The thing about the Big Society is, it's not a bad idea, on first glance, if you don't think about it that hard. But to work properly it needs centralised direction and massive amounts of government funding - which raises the question of why we need to take these things out of government control in the first place. Which can only be explained by the government's ideological conviction that Government Is Bad. Yeah, easy target, but come on.

The charities I work for (Abortion Support Network and an organisation providing support to ex-service people) are stop-gaps. I want to live in a world in which Irish and Northern Irish women can access a safe, legal abortion in their own countries, without having to rack up ridiculous bills for travel and private medical procedures. I want to live in a world where people who've quite literally risked life and limb for their country - regardless of whatever shitty war they were sent to fight in - don't live in poverty because the government that asked so much of them suddenly forgets their names when they've left the front line. In an ideal world, the world I want to live in, we wouldn't have to exist.

We don't live in that world. Which is why I work for groups which plug the gaps left gaping wide by governments on both sides of the Irish Sea. And it's only those governments that can create the world I want to live in: a world where ASN and the RBL are just not needed. No Big Society is ever going to be Big enough for that.

Thursday, 17 February 2011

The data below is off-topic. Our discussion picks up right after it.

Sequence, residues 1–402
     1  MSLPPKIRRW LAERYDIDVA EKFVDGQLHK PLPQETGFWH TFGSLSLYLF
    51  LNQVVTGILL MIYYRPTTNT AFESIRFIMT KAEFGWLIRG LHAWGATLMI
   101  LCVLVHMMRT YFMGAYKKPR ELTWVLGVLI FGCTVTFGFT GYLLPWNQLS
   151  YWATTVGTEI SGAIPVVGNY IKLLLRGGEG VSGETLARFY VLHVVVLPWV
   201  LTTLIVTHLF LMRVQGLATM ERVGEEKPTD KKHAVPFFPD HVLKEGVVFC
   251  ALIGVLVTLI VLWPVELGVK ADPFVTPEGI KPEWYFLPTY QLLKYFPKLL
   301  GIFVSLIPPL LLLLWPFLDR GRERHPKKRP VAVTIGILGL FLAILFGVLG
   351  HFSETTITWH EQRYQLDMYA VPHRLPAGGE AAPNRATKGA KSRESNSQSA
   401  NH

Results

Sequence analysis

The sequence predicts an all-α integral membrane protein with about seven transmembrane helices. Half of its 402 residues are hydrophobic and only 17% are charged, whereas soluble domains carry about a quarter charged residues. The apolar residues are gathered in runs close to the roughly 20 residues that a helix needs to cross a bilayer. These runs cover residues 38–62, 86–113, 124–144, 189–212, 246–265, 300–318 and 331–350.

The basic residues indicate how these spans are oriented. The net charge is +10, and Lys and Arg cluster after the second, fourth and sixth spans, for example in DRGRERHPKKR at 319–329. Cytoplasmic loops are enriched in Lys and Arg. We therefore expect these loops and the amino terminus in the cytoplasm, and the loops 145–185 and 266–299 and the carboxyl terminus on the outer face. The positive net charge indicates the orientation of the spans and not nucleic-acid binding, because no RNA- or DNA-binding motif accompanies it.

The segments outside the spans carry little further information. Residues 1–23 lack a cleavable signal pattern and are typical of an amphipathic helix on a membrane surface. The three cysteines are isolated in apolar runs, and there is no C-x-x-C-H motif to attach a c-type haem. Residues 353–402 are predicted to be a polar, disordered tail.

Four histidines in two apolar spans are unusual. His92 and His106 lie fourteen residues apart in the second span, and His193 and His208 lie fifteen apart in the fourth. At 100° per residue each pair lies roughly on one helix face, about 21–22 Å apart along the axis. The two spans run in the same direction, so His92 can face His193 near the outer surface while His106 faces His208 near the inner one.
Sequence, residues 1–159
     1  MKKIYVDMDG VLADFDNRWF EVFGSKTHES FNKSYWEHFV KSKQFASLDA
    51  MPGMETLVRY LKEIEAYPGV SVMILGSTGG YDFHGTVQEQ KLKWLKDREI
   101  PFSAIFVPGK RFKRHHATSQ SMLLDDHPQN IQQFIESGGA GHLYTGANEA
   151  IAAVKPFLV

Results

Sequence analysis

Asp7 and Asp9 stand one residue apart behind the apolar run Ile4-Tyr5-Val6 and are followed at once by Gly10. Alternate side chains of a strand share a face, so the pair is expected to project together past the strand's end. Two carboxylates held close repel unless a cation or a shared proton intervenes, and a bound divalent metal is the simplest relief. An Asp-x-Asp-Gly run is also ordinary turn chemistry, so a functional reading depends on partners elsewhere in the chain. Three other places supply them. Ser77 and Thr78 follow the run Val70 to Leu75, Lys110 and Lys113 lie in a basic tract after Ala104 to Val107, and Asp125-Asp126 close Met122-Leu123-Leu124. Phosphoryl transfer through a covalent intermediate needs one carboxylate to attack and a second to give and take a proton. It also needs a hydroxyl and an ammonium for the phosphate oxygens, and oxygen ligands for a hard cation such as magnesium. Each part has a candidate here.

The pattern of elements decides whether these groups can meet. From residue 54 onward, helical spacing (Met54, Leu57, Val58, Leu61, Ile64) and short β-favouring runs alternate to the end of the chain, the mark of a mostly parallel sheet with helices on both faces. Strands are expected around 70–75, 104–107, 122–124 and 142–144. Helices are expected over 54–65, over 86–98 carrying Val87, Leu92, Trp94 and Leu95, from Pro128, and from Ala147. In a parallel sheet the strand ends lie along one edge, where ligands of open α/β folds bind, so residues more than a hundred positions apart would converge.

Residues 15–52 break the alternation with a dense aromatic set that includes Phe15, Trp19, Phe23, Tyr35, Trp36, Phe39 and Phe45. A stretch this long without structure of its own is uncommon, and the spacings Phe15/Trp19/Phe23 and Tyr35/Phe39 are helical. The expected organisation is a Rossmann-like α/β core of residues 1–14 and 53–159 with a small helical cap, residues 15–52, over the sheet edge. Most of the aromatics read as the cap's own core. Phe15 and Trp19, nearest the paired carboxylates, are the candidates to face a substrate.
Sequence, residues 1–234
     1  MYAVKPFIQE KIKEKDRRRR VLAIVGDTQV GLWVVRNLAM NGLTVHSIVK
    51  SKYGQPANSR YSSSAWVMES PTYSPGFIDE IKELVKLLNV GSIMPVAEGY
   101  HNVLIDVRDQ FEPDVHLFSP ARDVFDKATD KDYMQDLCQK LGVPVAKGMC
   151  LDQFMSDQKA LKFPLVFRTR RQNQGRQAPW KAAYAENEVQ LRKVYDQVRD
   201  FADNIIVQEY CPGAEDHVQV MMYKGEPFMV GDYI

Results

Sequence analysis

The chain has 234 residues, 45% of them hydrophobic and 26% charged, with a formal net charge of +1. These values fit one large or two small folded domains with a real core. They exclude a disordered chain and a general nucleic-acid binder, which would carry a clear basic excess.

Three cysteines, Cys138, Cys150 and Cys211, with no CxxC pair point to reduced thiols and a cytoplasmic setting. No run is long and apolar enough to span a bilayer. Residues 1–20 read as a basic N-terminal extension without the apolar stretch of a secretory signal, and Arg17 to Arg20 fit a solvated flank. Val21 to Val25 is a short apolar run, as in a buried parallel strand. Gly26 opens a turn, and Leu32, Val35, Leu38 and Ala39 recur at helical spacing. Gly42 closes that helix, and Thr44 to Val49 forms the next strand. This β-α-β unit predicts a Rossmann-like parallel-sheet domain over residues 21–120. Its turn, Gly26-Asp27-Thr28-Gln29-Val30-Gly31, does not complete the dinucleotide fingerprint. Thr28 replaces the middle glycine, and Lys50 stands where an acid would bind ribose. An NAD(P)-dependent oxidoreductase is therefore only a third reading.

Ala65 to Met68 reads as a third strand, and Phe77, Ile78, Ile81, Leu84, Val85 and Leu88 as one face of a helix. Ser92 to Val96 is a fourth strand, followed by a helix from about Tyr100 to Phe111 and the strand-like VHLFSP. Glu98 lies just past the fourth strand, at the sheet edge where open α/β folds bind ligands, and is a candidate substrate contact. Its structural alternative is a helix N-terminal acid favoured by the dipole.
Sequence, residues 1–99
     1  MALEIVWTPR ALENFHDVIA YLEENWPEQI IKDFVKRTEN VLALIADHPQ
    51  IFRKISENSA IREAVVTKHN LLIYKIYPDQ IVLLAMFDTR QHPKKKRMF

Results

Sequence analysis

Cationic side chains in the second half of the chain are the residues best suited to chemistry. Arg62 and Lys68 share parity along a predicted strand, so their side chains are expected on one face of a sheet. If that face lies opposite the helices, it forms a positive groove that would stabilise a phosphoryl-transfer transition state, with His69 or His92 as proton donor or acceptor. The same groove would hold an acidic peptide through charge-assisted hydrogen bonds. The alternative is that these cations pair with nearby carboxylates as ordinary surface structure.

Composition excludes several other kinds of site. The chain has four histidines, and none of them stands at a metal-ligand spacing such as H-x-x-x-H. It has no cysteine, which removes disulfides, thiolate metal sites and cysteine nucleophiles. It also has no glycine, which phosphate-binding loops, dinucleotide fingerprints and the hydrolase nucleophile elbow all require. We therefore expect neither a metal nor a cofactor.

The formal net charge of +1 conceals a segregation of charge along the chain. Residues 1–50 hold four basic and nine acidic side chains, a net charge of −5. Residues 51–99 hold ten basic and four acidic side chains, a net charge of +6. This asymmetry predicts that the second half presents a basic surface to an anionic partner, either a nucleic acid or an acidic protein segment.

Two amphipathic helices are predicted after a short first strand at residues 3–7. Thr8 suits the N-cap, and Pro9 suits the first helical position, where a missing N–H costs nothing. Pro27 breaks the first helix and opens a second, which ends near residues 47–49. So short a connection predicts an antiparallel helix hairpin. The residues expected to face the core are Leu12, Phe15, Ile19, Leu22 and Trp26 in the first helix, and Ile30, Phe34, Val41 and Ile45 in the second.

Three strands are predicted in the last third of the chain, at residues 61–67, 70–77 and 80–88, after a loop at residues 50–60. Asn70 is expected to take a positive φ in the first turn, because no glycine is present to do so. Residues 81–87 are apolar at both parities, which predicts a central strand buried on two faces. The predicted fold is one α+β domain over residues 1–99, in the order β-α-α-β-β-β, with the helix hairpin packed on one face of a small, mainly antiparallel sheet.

The state of contemporary masculinity

Is something which interests me greatly, and also something I am patently unqualified to pontificate on! But when has that stopped me? So, two observations.

1. "German engineering... for your hair."
Make-up is girly. Bubble bath is girly. Caring about your appearance, or anything that foams but is not beer, is girly. But... guys' hair gets greasy too, and more importantly, we could be making so much more money if we made 100% of the population feel physically inadequate without our shiny products. DILEMMA!

The solution: razors marketed as surface-to-air missiles. Making soothing shaving balm - that is totally not moisturiser - in bottles that bear a passing resemblance to WD40 (the REAL MAN's lubricant!).  And now: shampoo that is as close as possible to being a car, without the pesky copyright issues of just flat-out calling it Vorsprung durch Technik.

2. "But Peter Crouch is really hot!"
Watching the Milan v Spurs match with three very straight, relatively laddish gentlemen, who spent a good twenty minutes discussing whether Fernando Torres is more attractive than Niko Kranjčar. With no self-consciousness whatsoever.

If we can avoid getting blown up, drowned, hurricaned or globally warmed, it's moments like this that make me think humanity will probably be alright.

Wednesday, 9 February 2011

Not the church, not the New Statesman, women will decide our fate... man

What was that I said about this becoming a blog entirely about football and feminism? (A Game of Two Sexes! A Striker's Right To Choose... Chelsea! No.) Oh well, things could be worse. The New Statesman's Helen Lewis Hasteley, though, thinks otherwise - apparently enjoying football is fundamentally incompatible with being a lefty feminist. Huh. I thought I was doing quite well.